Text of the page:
A chaise was immediately sent for, and we set off from the villa about eight o'clock. The moon had just aisengaged herself from a portentous cloud as we entered a beautiful valley, which runs in a winding direction for several miles; and we could distinctly perceive the cattle grazing in the meadows, and the folde of sheep which were pitched in the higher grounds. The rattling noise of our carriage prevented our hearing the intermitting sounds of bleating sheep, and lowing oxen; of the shepherd's dog, and screeching owl; and we were too profoundly absorbed in deep melancholy of thought and anticipation, to break the silence which 'impassioned grief requires for the solace of her owa feelings. At length, Mr. Stevens, alluding to the alarming illness of Mrs. Lewellin, said, “With whæt different enrotions do the inhabitants of the visible and invisible world contemplate the same event. While we are anticipating her departure with agonized grief, the glorified spirits of her deceased husband, and child, and father, are attuning their harps of joy to eelebrate

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her entrance among them.” “Very true," Mrs. Stevens replied, our loss is their gain; but it is as natural for us to deplore our loss, as it is natural for them to exult in their gain. While we are in human form, and susceptible of human impressions, it will not be in our power to rise above the reach of sorrow on such overpowering occasions; though we may moder, ate the intensity of our anguish, by reflecting on our own dissolution, which will introduce us into the society of those who gain the prize of immortality before us.”

We had no difficulty in procuring a change of horses at each succeeding stage; nothing of a disastrous or perplexing nature occurred during the whole of our journey; and soon after the break of light, on the following morning, we arrived at the lonely cottage. The same jessamipe, and honey-suckles, and rose trees adorned its tasteful front; the same hawthorn hedge inclosed its well cultivated garden ; the same little wicket gate swung on its hinges, as when I paid my first visit six years before; but they had lost their charms, or I had lost my power of enjoyment. Mr. Lewellin came out to meet us as we were walk

the garden in the front of the cottage ; but we were unable to exchange a word till some minutes after had seated ourselves in the parlour. mother still in the body, my dear George,” said Mrs. Stevens, “or þas she left us ?" “ Oh !-nd, she has not left us," he replied, "she is still living. She has made many inquiries about you. She longs to see you.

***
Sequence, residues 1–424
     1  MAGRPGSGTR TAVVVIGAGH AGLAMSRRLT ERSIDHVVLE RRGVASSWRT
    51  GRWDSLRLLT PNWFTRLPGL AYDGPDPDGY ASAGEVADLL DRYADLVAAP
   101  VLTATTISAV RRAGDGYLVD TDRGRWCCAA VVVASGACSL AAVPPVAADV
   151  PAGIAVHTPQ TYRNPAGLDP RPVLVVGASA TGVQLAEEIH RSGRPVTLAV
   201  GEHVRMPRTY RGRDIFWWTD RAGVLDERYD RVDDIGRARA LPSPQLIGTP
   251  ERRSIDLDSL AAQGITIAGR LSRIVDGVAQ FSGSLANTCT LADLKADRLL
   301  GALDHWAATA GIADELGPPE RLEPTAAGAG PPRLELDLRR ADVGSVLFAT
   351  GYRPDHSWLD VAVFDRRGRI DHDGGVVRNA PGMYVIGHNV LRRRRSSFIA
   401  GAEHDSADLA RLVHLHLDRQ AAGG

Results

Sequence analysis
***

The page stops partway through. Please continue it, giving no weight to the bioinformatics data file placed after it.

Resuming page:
says, when she has seen you, she shall de part in peace. “ When," added Mrs. Stevens, was she first taken, and what is the nature of her disorder ?" “She has not been well," Mr Lewellin replied, “ some weeks ; but her indisposition created no alarm. On sabbath morning she felt better; and went to chapel, where she commemorated the death of the Redeemer, with her Christian brethren, As she was returving home, she was exposed to a heavy shower; got wet, and, though she took every precaution to prevent any evil consequences, yet, early in the evening, an inflammation of the bowels came on, which has raged with an * See No. I. of this series, page 8.

ing up


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animated -a heavenly serenity rested on her countenauce, which seemed to be regaining its spring time beauty ;-her voice was strong and melodious, and she again said, “Oh! the bliss of dying !"

• You are happy, mother,” said her son, “ in the prospect of dying." “ Happy, my child,” she replied, " yes, my joy is unspeakable.

* Ob ! the sweet wonders of that cross,
On which my Saviour groan'd and died ;
Her noblest life, my spirit draws,

From his dear wounds and bleeding side.'" Her voice suddenly faultered : her countenance changed; she gently whispered, "Farewell," as her son caught her in his arms, and with her eyes fixed on him, she gave one strong convulsive struggle, and exclaimed with triumph, • The contest is over, the victory is won," and immediately expired.

Though we were all anticipating her decease, yet, when it was announced to us, it produced a sensation of dismay and astonishment, as though we' scarely believed it to be possible. When we had recovered ourselves from the consternation into which we were thrown, our grief vented itself in a silent food of tears ; and after conversing together for some time on the memory of the departed saint, I withdrew to the Rectory, where I resided till after the funeral solemni-, ties were performed.

As Mrs. Lewellin was more attached to the essential doctrines of Christianity, than to any of the external forms which it often assumes among men; she generally attended that ministry, from which she de rived the most spiritual boncfit. In the morning of ue sabbath she attended the village church; and in the evening she usually heard a most excellent minister of Christ, who preaches in a dissenting chapel. Sometimes she partook of the ordinance of the Lord's Supper at one place, and sometimes at the other; and often used to say, when reproached for her liberality by the more bigoted : .I have no objection to go where I can hold communion with the Saviour.” Adjoining the chapel, there was a burying ground, which commanded a fine picturesque view of the country. Here she was accustomed to pass many hours of her

• See No. 1. of this series, page 10.